The key thing that will enable or prevent knowledge sharing is compatible content licensing. E.g. if you and another project are both on a Creative Commons Attribution ShareAlike[1] license, (the license used by Appropedia), you can share content in both directions, which is perfect. This license allows for commercial use, avoiding any uncertainty over use with advertisements, and is compatible with various other sites & /projects as well. Someone could adapt an Appropedia page, adding their own ideas, and then those additions could be used on Appropedia or elsewhere - with attribution back to the party that made the additions.

For complete beginners[edit | edit source]

For someone completely new to Creative Commons, a great place to start is the Get Creative video. There are more videos here.

Then you can Meet the Licenses, or read An Introduction To Creative Commons.

Which license?[edit | edit source]

Those links don't try tell help you decide which content license is right for you.

Part of the reason we use CC-BY-SA rather than using the NC (NonCommercial) clause is found at Non-commercial licenses vs open licenses. The key points are that if you use a NonCommercial license, we are restricted from using your work in Appropedia, and that the risks of commercial exploitation are probably much less serious than you imagined, especially if you use the ShareAlike clause.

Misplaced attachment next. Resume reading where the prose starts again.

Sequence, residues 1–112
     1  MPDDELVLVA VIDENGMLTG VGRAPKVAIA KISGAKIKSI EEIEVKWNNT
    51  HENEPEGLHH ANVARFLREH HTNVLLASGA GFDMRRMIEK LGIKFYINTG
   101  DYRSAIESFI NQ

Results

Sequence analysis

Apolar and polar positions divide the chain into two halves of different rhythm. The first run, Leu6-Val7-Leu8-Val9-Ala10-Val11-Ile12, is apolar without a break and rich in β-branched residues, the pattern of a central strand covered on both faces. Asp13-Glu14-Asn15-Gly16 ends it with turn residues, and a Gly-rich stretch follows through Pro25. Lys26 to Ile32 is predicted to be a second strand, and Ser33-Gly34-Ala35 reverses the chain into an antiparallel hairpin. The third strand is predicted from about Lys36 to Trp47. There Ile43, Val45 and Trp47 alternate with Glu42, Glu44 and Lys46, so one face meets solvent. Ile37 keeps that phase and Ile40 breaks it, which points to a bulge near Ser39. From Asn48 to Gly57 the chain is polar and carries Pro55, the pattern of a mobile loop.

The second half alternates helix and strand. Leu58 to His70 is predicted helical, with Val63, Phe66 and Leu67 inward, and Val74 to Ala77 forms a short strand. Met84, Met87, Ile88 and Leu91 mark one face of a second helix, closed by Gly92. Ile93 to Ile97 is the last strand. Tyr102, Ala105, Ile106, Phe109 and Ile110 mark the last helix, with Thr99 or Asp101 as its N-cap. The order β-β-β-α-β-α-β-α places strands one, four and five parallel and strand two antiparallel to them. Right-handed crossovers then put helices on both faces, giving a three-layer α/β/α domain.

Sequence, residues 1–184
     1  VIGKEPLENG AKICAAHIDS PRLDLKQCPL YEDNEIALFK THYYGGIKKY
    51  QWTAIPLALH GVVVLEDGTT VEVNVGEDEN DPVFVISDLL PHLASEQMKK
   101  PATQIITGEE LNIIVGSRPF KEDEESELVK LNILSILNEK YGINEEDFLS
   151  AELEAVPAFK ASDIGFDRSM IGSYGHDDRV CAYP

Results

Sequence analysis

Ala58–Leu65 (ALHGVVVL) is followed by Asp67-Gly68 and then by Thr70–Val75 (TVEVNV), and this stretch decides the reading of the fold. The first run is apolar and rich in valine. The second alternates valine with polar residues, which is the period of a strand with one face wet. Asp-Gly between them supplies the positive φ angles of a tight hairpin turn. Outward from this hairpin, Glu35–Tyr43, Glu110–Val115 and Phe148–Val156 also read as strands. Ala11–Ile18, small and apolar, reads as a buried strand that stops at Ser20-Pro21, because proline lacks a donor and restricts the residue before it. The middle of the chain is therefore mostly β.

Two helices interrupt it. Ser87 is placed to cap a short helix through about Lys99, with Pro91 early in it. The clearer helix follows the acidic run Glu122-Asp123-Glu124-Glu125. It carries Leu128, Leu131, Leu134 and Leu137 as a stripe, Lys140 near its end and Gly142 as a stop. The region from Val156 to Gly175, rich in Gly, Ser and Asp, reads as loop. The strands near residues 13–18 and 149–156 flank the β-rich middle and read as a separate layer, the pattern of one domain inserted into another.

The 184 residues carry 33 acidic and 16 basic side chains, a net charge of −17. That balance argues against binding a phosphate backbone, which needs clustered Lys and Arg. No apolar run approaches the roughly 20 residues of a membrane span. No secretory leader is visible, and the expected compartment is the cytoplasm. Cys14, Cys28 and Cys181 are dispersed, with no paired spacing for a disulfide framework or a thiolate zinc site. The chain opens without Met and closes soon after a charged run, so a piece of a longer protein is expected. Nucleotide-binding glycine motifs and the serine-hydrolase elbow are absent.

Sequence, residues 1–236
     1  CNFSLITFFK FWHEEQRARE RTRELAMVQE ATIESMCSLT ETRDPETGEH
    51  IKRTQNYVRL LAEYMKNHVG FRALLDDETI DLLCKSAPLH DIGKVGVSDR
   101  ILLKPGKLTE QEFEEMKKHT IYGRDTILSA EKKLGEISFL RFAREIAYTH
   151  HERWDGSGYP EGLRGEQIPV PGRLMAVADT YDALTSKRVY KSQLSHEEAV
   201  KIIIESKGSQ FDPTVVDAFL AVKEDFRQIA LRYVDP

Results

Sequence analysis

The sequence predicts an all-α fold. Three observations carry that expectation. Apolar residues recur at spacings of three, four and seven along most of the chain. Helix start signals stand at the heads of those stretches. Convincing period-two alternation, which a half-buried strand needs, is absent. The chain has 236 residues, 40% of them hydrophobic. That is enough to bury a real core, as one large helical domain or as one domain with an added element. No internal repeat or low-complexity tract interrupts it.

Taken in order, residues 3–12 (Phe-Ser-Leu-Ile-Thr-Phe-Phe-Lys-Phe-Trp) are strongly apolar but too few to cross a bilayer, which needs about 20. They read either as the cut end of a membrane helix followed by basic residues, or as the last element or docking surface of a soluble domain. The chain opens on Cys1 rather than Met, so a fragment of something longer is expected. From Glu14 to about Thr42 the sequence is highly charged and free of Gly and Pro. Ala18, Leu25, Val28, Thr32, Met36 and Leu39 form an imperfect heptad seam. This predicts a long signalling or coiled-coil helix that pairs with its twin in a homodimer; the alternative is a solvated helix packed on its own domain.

A much more extended argument is found at The Case for Free Use: Reasons Not to Use a Creative Commons -NC License.

If you and the people you want to collaborate with are happy with the same license, then you can talk with your potential partners about details, and technical issues, such as how to ease the process of sharing between the sites.

Public domain vs Creative Commons[edit | edit source]

The most open form of "open license" is to use no license at all - i.e. public domain. See the Public domain page for arguments against Creative Commons from a pro public domain perspective.

If you do choose public domain, you can use a "public domain mark" from Creative Commons, through their normal license mark system (see below) (or elsewhere?[verification needed]) to let search engines find and index it.

How to add a Creative Commons mark[edit | edit source]

If you have decided on a Creative Commons license and are ready to add it to your site, see Marking your work as Creative Commons.

See also[edit | edit source]

FA info icon.svg Angle down icon.svg Page data
Authors Chris Watkins
License CC-BY-SA-3.0
Language English (en)
Related 0 subpages, 4 pages link here
Aliases An Introduction to Creative Commons
Impact 542 page views
Created November 14, 2009 by Chris Watkins
Modified February 9, 2023 by Felipe Schenone
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